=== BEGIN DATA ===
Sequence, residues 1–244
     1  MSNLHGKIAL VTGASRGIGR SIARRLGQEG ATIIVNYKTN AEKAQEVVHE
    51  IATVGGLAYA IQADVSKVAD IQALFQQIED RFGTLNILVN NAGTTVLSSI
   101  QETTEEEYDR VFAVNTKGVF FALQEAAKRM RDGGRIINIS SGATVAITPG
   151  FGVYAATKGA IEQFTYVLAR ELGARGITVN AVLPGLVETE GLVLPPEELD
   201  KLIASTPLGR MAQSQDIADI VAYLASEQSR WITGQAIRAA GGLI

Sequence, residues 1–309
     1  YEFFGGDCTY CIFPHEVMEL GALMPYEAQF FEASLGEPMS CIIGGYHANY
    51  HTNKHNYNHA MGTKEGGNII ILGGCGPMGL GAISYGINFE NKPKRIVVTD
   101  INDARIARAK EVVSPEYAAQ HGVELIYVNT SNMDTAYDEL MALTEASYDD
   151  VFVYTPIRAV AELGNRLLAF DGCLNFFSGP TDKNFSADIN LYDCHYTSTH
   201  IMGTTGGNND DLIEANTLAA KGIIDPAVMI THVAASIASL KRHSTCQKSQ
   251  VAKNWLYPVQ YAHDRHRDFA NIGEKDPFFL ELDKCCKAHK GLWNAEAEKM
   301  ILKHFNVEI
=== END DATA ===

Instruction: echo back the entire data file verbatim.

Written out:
Sequence, residues 1–244
     1  MSNLHGKIAL VTGASRGIGR SIARRLGQEG ATIIVNYKTN AEKAQEVVHE
    51  IATVGGLAYA IQADVSKVAD IQALFQQIED RFGTLNILVN NAGTTVLSSI
   101  QETTEEEYDR VFAVNTKGVF FALQEAAKRM RDGGRIINIS SGATVAITPG
   151  FGVYAATKGA IEQFTYVLAR ELGARGITVN AVLPGLVETE GLVLPPEELD
   201  KLIASTPLGR MAQSQDIADI VAYLASEQSR WITGQAIRAA GGLI

Sequence, residues 1–309
     1  YEFFGGDCTY CIFPHEVMEL GALMPYEAQF FEASLGEPMS CIIGGYHANY
    51  HTNKHNYNHA MGTKEGGNII ILGGCGPMGL GAISYGINFE NKPKRIVVTD
   101  INDARIARAK EVVSPEYAAQ HGVELIYVNT SNMDTAYDEL MALTEASYDD
   151  VFVYTPIRAV AELGNRLLAF DGCLNFFSGP TDKNFSADIN LYDCHYTSTH
   201  IMGTTGGNND DLIEANTLAA KGIIDPAVMI THVAASIASL KRHSTCQKSQ
   251  VAKNWLYPVQ YAHDRHRDFA NIGEKDPFFL ELDKCCKAHK GLWNAEAEKM
   301  ILKHFNVEI